Gone Forever: A True Story of Marriage, Betrayal, and Murder

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Susan McFarland was a vivacious, successful mother of three young sons. On November 25, 2002, she disappeared. Three days later, her car was found, keys in the ignition. Later that day, her husband reported her missing—and a desperate search began.

Her friends and family hoped against hope that Susan was not gone forever. But investigators became increasingly suspicious of Richard McFarland. When the charred, decomposed body of Susan McFarland was finally discovered at an overgrown farmstead outside of San Antonio, a new hunt began—for justice.

McFarland maintained his innocence, and investigators only had circumstantial evidence against him. While headlines screamed out new details in the case, and police tried to gather more evidence, a blockbuster trial was about to begin. Then, Richard McFarland finally spoke...and a terrifying, chilling truth came out...

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Additional Information

Publisher
St. Martin's Paperbacks
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Published on
Apr 1, 2007
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Pages
288
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ISBN
9781429904162
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Language
English
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Genres
True Crime / Murder / General
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Content Protection
This content is DRM protected.
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Available on Android devices
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Eligible for Family Library

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Was he his brother's keeper?

Robert and Doris Angleton seemed to have the perfect life. Until she was coldly murdered in her own home, shot thirteen times in the head, chest, and abdomen...

Suddenly the ideal husband seemed anything but perfect: he was jailed, accused of hiring his older brother, Roger, to kill his wife for money-- possibly as much as $2 million. However, without the crucial eyewitness testimony of Roger-- who soon committed suicide in a Houston jail cell-- the case against Robert rested entirely on circumstantial evidence. But the facts raise more questions than answers...

* Doris Angleton-- deeply involved in a secret love affair-- had asked her husband for a divorce, which might have exposed him as a tax-skipping millionaire bookie and favored police informant...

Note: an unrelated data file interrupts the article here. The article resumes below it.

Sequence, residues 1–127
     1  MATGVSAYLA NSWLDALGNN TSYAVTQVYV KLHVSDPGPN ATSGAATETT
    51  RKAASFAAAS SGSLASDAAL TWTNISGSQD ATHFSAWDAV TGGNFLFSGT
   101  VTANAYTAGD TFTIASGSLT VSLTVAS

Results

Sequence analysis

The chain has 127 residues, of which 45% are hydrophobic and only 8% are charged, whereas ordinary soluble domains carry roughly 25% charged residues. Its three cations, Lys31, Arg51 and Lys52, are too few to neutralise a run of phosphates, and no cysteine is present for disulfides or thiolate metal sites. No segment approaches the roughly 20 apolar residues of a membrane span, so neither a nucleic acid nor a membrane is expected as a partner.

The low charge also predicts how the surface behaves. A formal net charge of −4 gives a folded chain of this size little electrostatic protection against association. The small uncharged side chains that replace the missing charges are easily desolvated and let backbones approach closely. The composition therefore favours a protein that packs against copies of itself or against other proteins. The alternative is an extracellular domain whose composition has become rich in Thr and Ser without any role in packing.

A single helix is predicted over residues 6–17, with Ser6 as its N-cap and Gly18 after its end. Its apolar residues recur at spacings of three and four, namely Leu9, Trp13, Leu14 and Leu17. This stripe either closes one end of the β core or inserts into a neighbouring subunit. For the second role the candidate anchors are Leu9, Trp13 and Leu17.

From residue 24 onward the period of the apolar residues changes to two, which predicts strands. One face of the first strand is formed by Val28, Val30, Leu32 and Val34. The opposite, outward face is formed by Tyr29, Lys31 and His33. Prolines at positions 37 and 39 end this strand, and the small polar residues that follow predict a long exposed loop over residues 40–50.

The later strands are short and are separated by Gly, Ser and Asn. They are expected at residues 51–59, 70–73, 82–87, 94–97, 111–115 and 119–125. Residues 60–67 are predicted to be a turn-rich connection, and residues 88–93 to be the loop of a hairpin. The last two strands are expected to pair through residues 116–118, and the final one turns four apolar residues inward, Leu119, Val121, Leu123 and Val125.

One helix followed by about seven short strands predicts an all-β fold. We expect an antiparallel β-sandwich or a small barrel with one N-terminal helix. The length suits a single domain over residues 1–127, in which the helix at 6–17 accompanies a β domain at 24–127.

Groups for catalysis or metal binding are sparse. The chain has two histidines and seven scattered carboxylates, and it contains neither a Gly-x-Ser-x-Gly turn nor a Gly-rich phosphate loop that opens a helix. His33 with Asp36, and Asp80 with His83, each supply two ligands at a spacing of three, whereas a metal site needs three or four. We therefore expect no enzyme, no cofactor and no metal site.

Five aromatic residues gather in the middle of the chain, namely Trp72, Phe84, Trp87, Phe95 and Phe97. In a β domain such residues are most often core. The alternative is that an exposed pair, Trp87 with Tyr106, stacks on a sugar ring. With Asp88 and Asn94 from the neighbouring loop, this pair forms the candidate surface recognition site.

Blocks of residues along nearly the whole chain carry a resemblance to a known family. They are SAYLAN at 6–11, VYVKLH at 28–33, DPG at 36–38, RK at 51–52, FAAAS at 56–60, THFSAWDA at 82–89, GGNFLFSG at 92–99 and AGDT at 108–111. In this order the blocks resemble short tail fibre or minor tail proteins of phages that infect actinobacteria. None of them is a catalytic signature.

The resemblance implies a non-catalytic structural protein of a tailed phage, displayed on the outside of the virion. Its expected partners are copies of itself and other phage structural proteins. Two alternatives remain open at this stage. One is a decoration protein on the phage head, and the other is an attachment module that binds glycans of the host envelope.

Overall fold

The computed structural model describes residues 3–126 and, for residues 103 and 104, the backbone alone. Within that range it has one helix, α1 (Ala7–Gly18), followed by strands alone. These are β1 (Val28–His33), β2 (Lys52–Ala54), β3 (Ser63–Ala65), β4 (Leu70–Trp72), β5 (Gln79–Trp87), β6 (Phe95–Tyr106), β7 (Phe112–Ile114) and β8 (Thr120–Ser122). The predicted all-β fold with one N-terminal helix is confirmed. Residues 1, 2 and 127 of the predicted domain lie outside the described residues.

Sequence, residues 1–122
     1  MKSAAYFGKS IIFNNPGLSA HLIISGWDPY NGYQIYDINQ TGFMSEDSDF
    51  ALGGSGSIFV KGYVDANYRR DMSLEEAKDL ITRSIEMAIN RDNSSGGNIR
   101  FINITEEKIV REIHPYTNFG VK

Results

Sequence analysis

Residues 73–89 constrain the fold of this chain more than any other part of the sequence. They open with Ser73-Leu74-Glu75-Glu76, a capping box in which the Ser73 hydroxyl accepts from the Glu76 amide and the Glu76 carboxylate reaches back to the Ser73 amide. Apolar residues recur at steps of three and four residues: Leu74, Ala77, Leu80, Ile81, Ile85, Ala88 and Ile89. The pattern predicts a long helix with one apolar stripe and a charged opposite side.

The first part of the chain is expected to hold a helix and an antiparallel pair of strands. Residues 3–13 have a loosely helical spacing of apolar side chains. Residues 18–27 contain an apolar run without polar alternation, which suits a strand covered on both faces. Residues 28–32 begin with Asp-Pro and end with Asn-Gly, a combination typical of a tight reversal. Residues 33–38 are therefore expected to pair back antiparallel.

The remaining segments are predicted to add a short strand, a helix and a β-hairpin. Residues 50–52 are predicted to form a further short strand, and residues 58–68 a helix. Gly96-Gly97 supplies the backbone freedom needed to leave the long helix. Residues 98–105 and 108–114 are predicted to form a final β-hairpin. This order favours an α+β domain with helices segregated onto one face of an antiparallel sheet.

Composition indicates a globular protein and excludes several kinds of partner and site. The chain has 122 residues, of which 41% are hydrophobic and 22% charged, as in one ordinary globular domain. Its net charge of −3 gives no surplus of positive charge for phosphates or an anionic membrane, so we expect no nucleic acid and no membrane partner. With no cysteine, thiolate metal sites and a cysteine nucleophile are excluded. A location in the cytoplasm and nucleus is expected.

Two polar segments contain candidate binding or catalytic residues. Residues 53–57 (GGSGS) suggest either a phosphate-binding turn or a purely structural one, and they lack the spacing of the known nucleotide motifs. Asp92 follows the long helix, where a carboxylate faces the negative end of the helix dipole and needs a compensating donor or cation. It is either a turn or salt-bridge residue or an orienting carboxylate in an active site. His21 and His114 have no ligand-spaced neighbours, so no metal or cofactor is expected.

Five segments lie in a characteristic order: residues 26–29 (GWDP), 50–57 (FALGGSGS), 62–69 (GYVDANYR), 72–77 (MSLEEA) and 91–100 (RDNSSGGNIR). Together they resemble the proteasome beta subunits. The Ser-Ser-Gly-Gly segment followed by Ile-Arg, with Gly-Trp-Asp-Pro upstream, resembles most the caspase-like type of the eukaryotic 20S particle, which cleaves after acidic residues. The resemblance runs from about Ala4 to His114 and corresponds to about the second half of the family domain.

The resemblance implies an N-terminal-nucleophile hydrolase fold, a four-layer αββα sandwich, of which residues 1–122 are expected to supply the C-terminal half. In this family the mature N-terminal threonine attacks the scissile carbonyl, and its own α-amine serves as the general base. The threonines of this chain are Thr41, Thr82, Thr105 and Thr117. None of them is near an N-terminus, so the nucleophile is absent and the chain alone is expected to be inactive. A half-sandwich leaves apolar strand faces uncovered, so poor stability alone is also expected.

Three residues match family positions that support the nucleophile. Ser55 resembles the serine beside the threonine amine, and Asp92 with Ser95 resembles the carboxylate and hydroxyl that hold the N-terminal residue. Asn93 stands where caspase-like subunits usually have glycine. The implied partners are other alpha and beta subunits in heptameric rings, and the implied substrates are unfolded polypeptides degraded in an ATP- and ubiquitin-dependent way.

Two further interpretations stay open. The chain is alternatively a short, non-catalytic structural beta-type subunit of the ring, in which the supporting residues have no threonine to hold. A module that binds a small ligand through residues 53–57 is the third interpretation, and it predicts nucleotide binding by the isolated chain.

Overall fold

* Extensive handwritten and typewritten notes, coupled with a secretly taped conversation between Roger and another man outlining the murder, were found in a briefcase Roger Angleton was carrying when he was arrested in Las Vegas, Nevada. However, it was later concluded that the second voice on the tape was not Robert's...
* Also in Roger's briefcase: $64,000 in cash, along with a money wrapper with Robert's fingerprint on it...
* Ultimately Roger confessed to the murder in his suicide note, exonerating his brother of any guilt...

A Texas jury came to one conclusion. Read this fascinating true-crime account of greed, deception, and cold-blooded murder-- and decide for yourself.

With eight pages of shocking photos!

Jana Carpenter Koklich and Bruce Koklich seemed like the ideal couple. She was an attractive 41-year-old blonde, the doted-on only child of a once-powerful California state senator. He was the dedicated and loving husband. Together they owned a lucrative Norwalk, California, real estate business, and a computer business, owned a pair of luxurious houses, and drove high-end cars.

Then in August 2001, Jana Carpenter Koklich went to an Eric Clapton concert with friends.

She was never heard from again.

Bruce Koklich painted himself as the grieving husband. He turned up on news broadcasts, tearfully pleading for his wife's safe return. But something wasn't right.

First of all, there were inexplicable money problems that police traced back to some of Bruce Koklich's shadier business dealings. Then there was the shadowy business partner who came out of the woodwork and the million dollar insurance policy on Jana Carpenter Koklich's life. Topping it all off were the supposedly grieving husband's sleazy secret attempts to bed his 18-year-old niece while his wife was secretly missing!

Eventually, those who had been close to Jana grew suspicious of the man she had married. And no one was more suspicious than her father, former State Senator Paul Carpenter. He was dying of cancer in Texas, but still found in his decaying body the strength for one last fight. It would be the fight of his life: Justice for Jana Carpenter Koklich.

Finally, in late 2003, after Jana's blood-stained car had been found, a California jury convicted Bruce Koklich for her murder and sentenced him to fifteen years to life in prison. Paul Carpenter did not live to see justice done.

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